Precautions of Using Ski Poles
You can’t just pick up any pair of ski poles and expect them to work perfectly. In order to end up with the right pair of ski poles, you should first follow the precautions included below.
Find Ski Poles That Are Right for You in Terms of Size
Ill-fitting ski poles can have a negative impact on your backcountry skiing experience. Shorter poles will force you to lean forward all the time. Aside from making you uncomfortable, being in that position all the time can be dangerous once you start to pick up speed.
On the other hand, skis that are way too long can also be problematic. They can cause you to stand upright, and while in that position, you may lose your balance. Pay attention to the size of the ski poles so that you are able to exhibit proper form at all times. You can either get help from an expert fitter or use a guide to help you do it on your own.
If you’re not sure what length will be most comfortable for you, or you’re buying the poles for a growing kid, you may want to get adjustable ski poles.
Look for Ski Poles with Non-Slip Wrist Straps
You will fall over a lot if you are just starting out with skiing. As you’re falling over, your ski poles may slip away. Prevent that from happening by finding the ski poles that are equipped with non-slip straps. Like ski bindings keep your ski boots on your skis, these adjustable straps keep your poles in your hands.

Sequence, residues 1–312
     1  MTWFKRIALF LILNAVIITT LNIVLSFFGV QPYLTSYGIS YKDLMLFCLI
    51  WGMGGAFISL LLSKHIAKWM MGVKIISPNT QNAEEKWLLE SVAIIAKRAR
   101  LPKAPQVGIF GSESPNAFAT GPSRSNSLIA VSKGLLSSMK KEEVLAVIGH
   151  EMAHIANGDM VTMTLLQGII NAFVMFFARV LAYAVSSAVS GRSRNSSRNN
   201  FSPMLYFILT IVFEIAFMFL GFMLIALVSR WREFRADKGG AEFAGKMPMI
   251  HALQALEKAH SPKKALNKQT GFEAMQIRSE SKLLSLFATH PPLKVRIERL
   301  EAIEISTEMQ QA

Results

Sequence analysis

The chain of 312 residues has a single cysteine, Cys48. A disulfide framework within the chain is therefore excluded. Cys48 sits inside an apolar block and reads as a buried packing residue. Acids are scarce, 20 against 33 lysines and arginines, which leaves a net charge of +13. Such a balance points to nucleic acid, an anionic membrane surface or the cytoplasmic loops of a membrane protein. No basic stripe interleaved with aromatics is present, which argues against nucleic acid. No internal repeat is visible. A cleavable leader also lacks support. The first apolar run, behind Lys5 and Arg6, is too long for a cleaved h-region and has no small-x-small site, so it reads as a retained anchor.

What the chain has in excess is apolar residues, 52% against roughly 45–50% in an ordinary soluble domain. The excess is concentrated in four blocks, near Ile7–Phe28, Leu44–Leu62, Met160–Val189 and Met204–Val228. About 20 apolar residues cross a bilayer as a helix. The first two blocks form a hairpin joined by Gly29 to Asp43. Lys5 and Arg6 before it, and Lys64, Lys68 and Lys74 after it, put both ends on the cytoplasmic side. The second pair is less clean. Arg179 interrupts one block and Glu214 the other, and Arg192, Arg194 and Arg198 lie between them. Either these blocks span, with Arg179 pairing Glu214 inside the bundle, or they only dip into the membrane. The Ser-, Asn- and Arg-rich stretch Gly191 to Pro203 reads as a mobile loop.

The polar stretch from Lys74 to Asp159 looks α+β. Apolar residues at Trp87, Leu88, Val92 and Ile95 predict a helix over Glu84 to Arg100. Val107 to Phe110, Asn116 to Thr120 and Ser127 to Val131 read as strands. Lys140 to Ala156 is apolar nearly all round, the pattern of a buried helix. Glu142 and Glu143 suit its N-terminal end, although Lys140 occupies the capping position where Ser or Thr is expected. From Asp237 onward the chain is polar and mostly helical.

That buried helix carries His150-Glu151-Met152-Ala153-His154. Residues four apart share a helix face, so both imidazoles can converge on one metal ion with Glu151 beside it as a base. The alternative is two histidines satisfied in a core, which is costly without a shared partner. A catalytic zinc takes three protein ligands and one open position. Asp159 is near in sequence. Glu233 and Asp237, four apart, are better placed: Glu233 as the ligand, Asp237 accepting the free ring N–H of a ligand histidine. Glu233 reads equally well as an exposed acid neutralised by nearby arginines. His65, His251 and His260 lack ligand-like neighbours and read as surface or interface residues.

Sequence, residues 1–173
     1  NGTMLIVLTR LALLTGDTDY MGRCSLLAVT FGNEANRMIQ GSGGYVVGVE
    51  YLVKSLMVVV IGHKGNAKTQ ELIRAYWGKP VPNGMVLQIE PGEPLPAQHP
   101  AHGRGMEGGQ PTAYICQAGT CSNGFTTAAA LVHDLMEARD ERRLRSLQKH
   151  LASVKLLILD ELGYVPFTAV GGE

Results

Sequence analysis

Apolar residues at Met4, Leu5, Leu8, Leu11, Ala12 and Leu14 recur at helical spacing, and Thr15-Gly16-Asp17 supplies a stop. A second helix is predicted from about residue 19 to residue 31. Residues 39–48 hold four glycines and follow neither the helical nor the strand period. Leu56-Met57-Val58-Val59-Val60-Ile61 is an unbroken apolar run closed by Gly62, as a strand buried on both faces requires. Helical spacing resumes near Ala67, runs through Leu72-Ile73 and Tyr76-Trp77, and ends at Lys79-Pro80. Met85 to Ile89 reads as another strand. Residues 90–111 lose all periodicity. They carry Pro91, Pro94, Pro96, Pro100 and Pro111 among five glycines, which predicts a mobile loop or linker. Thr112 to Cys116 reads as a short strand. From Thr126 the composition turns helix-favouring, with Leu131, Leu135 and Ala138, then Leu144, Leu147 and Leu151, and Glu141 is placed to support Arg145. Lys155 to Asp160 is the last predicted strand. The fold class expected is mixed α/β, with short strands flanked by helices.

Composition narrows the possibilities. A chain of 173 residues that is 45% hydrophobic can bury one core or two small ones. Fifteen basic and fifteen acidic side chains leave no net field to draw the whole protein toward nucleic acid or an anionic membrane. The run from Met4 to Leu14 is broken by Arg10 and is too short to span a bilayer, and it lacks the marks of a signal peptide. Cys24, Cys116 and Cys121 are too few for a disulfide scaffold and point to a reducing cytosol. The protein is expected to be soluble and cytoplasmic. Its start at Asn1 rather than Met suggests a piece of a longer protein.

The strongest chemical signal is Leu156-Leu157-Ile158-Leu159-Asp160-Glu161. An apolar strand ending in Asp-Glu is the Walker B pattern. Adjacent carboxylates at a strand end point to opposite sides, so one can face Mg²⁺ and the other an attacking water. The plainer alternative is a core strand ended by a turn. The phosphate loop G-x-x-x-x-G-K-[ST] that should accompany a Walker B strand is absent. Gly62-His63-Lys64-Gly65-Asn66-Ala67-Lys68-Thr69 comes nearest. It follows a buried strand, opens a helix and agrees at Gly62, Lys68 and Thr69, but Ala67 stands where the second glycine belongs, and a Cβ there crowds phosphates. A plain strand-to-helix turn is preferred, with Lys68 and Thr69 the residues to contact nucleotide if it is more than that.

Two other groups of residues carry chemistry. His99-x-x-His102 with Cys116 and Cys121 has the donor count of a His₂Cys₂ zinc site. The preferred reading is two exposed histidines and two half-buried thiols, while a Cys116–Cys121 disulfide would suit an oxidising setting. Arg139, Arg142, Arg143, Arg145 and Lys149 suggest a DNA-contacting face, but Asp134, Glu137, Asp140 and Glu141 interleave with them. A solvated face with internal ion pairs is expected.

Hand Guards Not Included
If you’re buying your very first ski equipment, you may not have noticed that skis don’t come with their own ski pole guards. When you buy your ski poles, you’ll also need to purchase guards to go with it. The guards help protect your hands like ski shin guards would protect your shins.
Of all the great options I got to look at while writing this, one pair of ski poles definitely stood out among the rest. For me, the best ski poles were definitely the Zipline Ski Graphite Carbon Composite Ski Poles. They are sturdy yet lightweight, due to their graphite carbon composition while the carbide tips enable you to get firmly planted into the snow. The non-slip thermoplastic grips are also welcome additions. Even your visibility is improved because of the color used for these ski poles.
I hope these ski pole reviews have helped you find new equipment!